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CHAPTER II AN UNJUST ACCUSATION They had not gone far when the rain burst upon them. They stuck to the woods to avoid meeting Maw Hoover on her way home, and as the first big drops pattered down among the trees Zara called a halt. "It's going to rain mighty hard," she said. "We'd better wait here and give it a chance to stop a little before we cross the clearing. We'll get awful wet if we go on now." Bessie, shivering with fright, and half minded, even now, to turn back and take any punishment Maw Hoover chose to give her, looked up through the trees. The lightning was flashing. She turned back—and the glare of the burning woodshed helped her to make up her mind to stay with Zara. As they looked the fire, against the black background of the storm, was terrifying in the extreme. "You'd never think that shed would make such a blaze, would you?" said Zara, trembling. "I'd like to kill that Jake Hoover! How did he set it on fire?" "He must have been watching me all the time when I was trying to help you to get out," said Bessie. "Then, when I was nearly done, he called to me, and then he began throwing the burning wood at me. He knows I hate that—he's done it before. I can always get out of the way. He doesn't throw them very near me, really. But two or three times the sparks have burned holes in my dress and Maw Hoover's been as mad as she could be. So she thinks anyhow that I play around the fire, and she'd never believe I didn't do it." "The rain ought to put the fire out," said Zara presently, after they had remained in silence for a few moments. "But I think it's beginning to stop a little now." "It is, and the fire's still burning, Zara. It seems to me it's brighter than ever. And listen—when it isn't thundering. Don't you hear a noise as if someone was shouting back there?" Zara listened intently. "Yes," she said. "And it sounds as if they were chopping with axes, too. I hope the fire hasn't spread and reached the house, Bessie." Bessie shivered. "I hope so, too, Zara. But it's not my fault, anyhow. You and I know that, even if no one believes us. It was Jake Hoover who did it, and he'll be punished for it some time, I guess, whether his maw ever finds it out or not." They waited a few minutes longer for the rain to stop, and then, as it grew lighter, they began to move on. They could see a heavy cloud of smoke from the direction of the farmhouse, but no more flames, and now, as the thunder grew more and more distant, they could hear shouting more plainly. Evidently help had come —Paw Hoover, probably, seeing the fire, and rushing up from the fields with his hired men and the neighbors to put it out. "Zara," said Bessie, suddenly, "suppose Jake was telling the truth? Suppose they have taken your father away? You know they have said things about him, and lots of people believe he is a bad man. I never did. But suppose they really have taken him, what will you do?" "I don't know. Stay there, I suppose. But, Bessie, it can't be true!" "Maybe they wouldn't let you stay. When Mary Morton's mother died last year and left her alone, they took her to the poorhouse. Maybe they'd make you go there, too." "They shan't!" cried Zara, her eyes flashing through her tears. "I—I'll run away—I'll do anything—" "I'm going to run away, myself," said Bessie, quietly. She had been doing a lot of thinking. "No one could make me work harder than Maw Hoover, and they'd pay me for doing it. I'm going to get as far away as I can and get a real job." Zara looked at Bessie, usually so quiet and meek, in surprise. There was a determined note in Bessie's voice that she had never heard there before. "We'll stick together, you and I, Zara," said Bessie. "I'm afraid somethinghashappened to your father. And if that's so, we'd better not go right up to your house. We'd better wait until it's dark, and go there quietly, so that we can listen, and see if there's anyone around looking for you." "But we won't get any supper!" said poor Zara. "And I'm hungry already!" "We'll find berries and nuts, and we can easily find a spring where we can drink all we want, said Bessie. " "I guess we've got to look out for ourselves now, Zara. There's no one else to do it for us." And Bessie, the meek, the quiet, the subdued, from that moment took command. Always before Zara had seemed the plucky one of the two. She had often urged Bessie to rebel against Maw Hoover's harshness, and it had been always Bessie who had hung back and refused to do anything that might make trouble. But now, when the time for real action had come, and Bessie reco nized it, it was she who made the lans and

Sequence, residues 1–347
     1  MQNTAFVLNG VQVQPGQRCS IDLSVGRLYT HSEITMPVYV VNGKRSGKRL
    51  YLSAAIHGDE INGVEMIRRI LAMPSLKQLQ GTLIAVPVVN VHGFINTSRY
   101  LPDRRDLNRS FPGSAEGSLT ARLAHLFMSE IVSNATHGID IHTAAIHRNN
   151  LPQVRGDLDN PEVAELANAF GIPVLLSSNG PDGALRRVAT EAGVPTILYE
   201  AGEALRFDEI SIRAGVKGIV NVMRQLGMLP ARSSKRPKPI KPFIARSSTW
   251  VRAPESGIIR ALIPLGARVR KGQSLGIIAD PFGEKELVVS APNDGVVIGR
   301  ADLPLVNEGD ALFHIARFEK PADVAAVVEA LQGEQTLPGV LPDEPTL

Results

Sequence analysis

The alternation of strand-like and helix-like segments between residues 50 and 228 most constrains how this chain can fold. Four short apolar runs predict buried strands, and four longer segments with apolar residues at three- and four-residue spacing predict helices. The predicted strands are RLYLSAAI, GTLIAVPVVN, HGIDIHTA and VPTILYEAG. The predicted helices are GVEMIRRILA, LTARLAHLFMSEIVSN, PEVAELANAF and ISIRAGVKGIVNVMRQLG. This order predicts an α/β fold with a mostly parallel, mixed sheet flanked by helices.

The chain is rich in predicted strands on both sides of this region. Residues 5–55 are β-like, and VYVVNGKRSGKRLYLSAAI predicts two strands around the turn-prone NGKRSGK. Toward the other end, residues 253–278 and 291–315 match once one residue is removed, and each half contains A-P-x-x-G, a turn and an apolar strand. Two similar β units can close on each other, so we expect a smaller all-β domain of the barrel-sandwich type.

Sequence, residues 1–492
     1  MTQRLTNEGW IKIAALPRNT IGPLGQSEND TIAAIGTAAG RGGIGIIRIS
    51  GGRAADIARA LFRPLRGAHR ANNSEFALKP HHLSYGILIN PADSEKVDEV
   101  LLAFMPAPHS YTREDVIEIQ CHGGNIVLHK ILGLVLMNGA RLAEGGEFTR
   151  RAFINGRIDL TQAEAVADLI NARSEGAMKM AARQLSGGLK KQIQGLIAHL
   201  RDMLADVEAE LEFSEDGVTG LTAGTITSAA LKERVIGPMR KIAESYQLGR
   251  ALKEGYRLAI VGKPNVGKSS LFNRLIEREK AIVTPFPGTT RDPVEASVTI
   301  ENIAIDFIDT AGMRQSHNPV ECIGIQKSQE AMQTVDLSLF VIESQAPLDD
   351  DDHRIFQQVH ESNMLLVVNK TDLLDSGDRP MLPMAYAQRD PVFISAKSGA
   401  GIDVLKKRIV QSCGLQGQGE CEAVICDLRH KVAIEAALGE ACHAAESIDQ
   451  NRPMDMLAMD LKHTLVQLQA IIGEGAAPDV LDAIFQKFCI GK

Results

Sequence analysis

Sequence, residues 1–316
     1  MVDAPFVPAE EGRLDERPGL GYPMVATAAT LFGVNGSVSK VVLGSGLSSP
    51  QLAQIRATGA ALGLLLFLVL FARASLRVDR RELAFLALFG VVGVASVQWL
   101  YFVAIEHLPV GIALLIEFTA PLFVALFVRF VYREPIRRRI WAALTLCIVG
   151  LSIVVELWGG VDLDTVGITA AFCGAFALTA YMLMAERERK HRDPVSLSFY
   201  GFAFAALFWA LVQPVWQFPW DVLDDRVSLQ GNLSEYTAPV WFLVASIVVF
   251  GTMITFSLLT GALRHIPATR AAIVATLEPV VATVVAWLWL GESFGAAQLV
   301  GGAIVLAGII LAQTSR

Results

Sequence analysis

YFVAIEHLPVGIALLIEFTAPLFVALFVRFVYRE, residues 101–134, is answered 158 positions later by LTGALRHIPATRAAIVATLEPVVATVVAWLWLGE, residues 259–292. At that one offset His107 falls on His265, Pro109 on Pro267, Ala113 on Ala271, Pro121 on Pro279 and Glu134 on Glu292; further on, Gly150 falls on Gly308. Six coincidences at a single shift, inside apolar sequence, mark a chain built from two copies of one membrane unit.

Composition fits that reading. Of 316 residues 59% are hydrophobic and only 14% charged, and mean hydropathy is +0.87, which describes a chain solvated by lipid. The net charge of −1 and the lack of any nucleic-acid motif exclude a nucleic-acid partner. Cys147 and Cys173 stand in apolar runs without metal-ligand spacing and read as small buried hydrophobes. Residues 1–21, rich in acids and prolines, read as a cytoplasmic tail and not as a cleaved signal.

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decided what was to be done. Bessie knew the woods well, far better than Zara. Unerringly she led the way to a spot she knew, where a farm had been allowed to drift back to wild country, and pointed out some cherry trees. "Some berries aren't good to eat, but I know those cherries," said Bessie. "They used to be the best trees in the whole county years ago—Paw Hoover's told me that. Some believe that they're no good now, because no one has looked after the trees, but I know they're fine. I ate some only the other day, and they're ripe and delicious. So we'll have supper off these trees." Zara, as active as a little cat, climbed the tree at once, and in a moment she was throwing down the luscious fruit to Bessie, who gathered it in her apron and called to Zara when she had picked enough of the big, round cherries. "Aren't they good, Zara? Eat as many as you want. They're not like a real supper of meat and potatoes and things like that, you know, but they'll keep us from feeling hungry." "They certainly will, Bessie. I'd never have known about them. But then I haven't lived long enough in the country to know it the way you do. I've been in cities all my life." "Yes, and if we get to the city, Zara, you'll know lots of things and be able to tell me all about them. It must be wonderful." "I suppose it is, Bessie, but I never thought of it that way. It must have been because I was used to everything of that sort. When you see things every day you get so that you don't think anything about them. I used to laugh at people from the country when I'd see them staring up at the high buildings, and jumping when an automobile horn tooted anywhere near them." "I suppose it must have seemed funny to you." "Yes, but I was sorry when I came out here and saw that everyone was laughing at me. There were all sorts of things I'd never seen or thought about. I'm really only just beginning to get used to them now. Bessie, it's getting pretty dark. Won't the moon be up soon?" "Not for an hour or two yet, Zara. But it is dark now—we'd better begin walking toward your house. We want to get there while it stays dark, and before the old moon does get up. It'll be just as bright as daylight then, and they'd be able to see us. I tell you what—we want to keep off the road. We'll go through the woods till we get a chance to cut through Farmer Weeks' cornfield. That'll bring us out behind your place, and we can steal up quietly." "You'd think we'd been doing something wrong, Bessie. It seems mighty mean for us to have to sneak around that way." "It's all right as long as we know we haven't done anything that isn't right, Zara. That's the chief thing. If you do right, people will find it out sooner or later, even if they think at first that you're bad. Sometimes it takes a long time, but Paw Hoover says he's never known it to fail that a bad man gets found out sooner or later." "Then Jake Hoover'd better look out," said Zara, viciously. "He's lied so much, and done so many mean things that you've got the blame for, that he'll have an awful lot to make up for when he starts in. What would Paw Hoover do to him if he knew he'd set the woodshed on fire, Bessie?" "I don't know. He'd be awful mad. He hasn't got so awful much money, you know, and he needs it all for the farm. But Maw Hoover thinks Jake's all right. She'd find some excuse for him. She always does when he does get found out. That happens sometimes, you know. He can't always make them think I've done it." "I guess maybe that's why he's so mean, Bessie. Don't you think so?" "Shouldn't wonder, Zara. I don't believe he stops to think half the time. Here we are! We'll cut through the fence. Careful as we go through—keep to the lanes between the stalks. We mustn't hurt the corn, you know. " "I'd like to pull up every stalk! These people 'round here have been mean and ugly to my father ever since we came here. " "That isn't right, though, Zara. It won't do you any good to hurt them in return. If you do wrong, too, just because they have, you'll be just as bad as they are." "Oh, I know, but they've said all sorts of awful things, and if they've put him in prison now—" She stopped, with a sob, and Bessie took her hand. "Cheer up, Zara. We don't know that anything of that sort has happened yet, and, even if it has, it will come out all right. If your father hasn't done anything wrong, they can't punish him. He'll get a fair trial if he's been arrested, and they can't prove he's done anything unless he has, you know." "But if they lied about him around here, mightn't they lie the same afterward—at the trial, Bessie? I'm frightened; really I am!" "Hush, Zara! There's your house, and there's a light! That means there's someone there. I hope it's your father, but it might be someone else, and we mustn't let them hear us." The two girls were out of the cornfield now, and, crossing a little patch of swampy land, came to the little